Fasting & Saving Lives: UK Doctors Anticipate Special Ramadan

Muslims across the world are preparing for a very different Ramadan this year as the whole world struggles against the coronavirus pandemic.

Ramadan takes place from 23 April to 23 May, and usually involves daytime fasting, visiting the mosque and socializing.

But for Dr Faraz Ali, who works at Cardiff’s University Hospital of Wales, he will be fasting while saving lives.

? Read Also: The Secret to an Easier Fast!

“Ramadan as a doctor can be quite challenging, particularly if you are doing 12 or 13-hour shifts at a time, several days in a row. But in the same time one of the differences this year for me will be the fact that I have to wear PPE (personal protective equipment) for several hours at a time,” Dr. Ali told BBC.

Even before the COVID-19 pandemic, the holy month was a challenge to those working in the healthcare field, according to Dr. Ali.

“Ordinarily, this is quite a challenging month where we don’t eat or drink for at least 12 hours during the summer months. And in this pandemic, this is going to prove even to be more challenging.” he said.

Dr. Kiran Rahim
Dr. Kiran Rahim

Not this Time

While Dr. Ali chose to fast Ramadan, Dr. Kiran Rahim decided to follow the opinion allowing medics to postpone their fast this year.

“Many like me are choosing not to fast when we are working in the ITU (Intensive Therapy Unit),” Dr. Rahim told BBC.

“It is tough in that PPE (personal protective equipment), you can only go one or two hours at a time before you have to take it off and take a drink.”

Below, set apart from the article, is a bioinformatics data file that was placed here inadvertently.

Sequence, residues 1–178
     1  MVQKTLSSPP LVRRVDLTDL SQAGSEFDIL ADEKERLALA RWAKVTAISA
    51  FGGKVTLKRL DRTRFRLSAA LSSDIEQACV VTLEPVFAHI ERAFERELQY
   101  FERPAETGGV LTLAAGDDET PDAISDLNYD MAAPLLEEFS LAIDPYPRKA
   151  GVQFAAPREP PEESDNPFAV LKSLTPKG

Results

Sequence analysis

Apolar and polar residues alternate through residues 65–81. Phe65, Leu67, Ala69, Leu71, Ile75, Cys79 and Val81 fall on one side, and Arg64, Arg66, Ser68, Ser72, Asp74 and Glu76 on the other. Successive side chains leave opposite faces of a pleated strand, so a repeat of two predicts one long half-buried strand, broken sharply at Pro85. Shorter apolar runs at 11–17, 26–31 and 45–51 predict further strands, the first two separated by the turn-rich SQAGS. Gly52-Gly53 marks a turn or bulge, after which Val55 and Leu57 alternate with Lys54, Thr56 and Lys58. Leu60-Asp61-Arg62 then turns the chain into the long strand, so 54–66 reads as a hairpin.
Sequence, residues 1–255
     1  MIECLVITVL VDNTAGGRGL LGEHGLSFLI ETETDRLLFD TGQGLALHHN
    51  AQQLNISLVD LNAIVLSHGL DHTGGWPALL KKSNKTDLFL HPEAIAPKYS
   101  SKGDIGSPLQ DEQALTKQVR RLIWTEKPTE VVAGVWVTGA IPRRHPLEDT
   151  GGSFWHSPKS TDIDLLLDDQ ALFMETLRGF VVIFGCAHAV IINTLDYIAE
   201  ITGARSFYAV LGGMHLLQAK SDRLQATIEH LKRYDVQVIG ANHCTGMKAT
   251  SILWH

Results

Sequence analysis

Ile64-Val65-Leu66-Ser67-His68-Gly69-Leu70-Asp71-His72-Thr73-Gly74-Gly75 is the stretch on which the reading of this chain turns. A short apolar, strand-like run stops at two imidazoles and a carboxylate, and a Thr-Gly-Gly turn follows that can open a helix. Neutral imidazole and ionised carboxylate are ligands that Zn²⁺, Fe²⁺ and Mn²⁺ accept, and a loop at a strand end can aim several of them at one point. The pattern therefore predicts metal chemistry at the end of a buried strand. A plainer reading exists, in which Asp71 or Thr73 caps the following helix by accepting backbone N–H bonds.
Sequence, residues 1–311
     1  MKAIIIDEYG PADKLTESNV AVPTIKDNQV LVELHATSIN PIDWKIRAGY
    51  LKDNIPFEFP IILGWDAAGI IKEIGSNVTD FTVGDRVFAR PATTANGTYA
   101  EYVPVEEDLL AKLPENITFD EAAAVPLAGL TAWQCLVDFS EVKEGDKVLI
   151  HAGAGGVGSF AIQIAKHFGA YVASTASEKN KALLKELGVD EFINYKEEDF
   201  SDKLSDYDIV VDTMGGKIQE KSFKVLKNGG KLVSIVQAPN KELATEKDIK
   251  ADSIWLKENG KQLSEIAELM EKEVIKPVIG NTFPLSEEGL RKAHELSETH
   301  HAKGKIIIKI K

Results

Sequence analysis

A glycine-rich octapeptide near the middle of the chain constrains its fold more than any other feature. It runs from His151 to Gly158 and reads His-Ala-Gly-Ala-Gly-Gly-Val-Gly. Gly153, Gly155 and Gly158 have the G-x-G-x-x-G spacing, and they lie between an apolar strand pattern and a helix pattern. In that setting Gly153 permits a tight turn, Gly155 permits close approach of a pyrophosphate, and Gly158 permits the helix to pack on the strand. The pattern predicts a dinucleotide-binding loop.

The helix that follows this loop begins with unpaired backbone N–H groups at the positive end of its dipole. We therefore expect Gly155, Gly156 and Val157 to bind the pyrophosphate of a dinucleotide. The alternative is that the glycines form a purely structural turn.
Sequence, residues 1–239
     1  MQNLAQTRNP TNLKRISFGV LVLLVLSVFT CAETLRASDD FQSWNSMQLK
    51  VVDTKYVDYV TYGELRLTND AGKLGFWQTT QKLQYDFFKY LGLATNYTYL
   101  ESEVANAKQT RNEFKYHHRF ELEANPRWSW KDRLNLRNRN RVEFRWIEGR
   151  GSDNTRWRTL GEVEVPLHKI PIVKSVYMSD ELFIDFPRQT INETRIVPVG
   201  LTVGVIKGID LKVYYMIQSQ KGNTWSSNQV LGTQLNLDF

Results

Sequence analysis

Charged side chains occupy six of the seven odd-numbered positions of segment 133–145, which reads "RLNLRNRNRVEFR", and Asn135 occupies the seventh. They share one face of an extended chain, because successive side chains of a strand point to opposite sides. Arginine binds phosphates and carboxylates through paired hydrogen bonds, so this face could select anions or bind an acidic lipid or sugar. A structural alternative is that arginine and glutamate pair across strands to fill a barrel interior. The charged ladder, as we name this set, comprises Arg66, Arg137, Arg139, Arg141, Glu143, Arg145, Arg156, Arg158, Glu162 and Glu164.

Earlier this month, a fatwa issued by some prominent Muslim scholars maintain that doctors and those working in the healthcare field could be exempted from fasting if fasting could potentially endanger treatment of coronavirus patients.

The fatwa was signed by Deobandi scholars in Blackburn, Batley, Bury, Bradford, Leeds, London, Birmingham, Sheffield, and Leicester.

Dr. Jasser Auda, a professor and Al-Shatibi Chair of Maqasid Studies at the International Peace College South Africa, the Executive Director of the Maqasid Institute, and a Visiting Professor of Islamic Law at Carleton University in Canada, has a similar opinion.

In a fatwa sent to AboutIslam, he wrote, “if the Muslim medical personnel can function without harming him/herself or falling short in their duty to save lives, then they should indeed fast.”

“Otherwise, that is if he/she assessed that there will be harm to him/her or their patients in any way, then they could break their fasting and make up for the days later during the year. Allah does not ask of a believer what puts them in hardship.”

The Muslim Council of Britain has warned people that it will be “a very different experience” and advised worshippers to stay at home.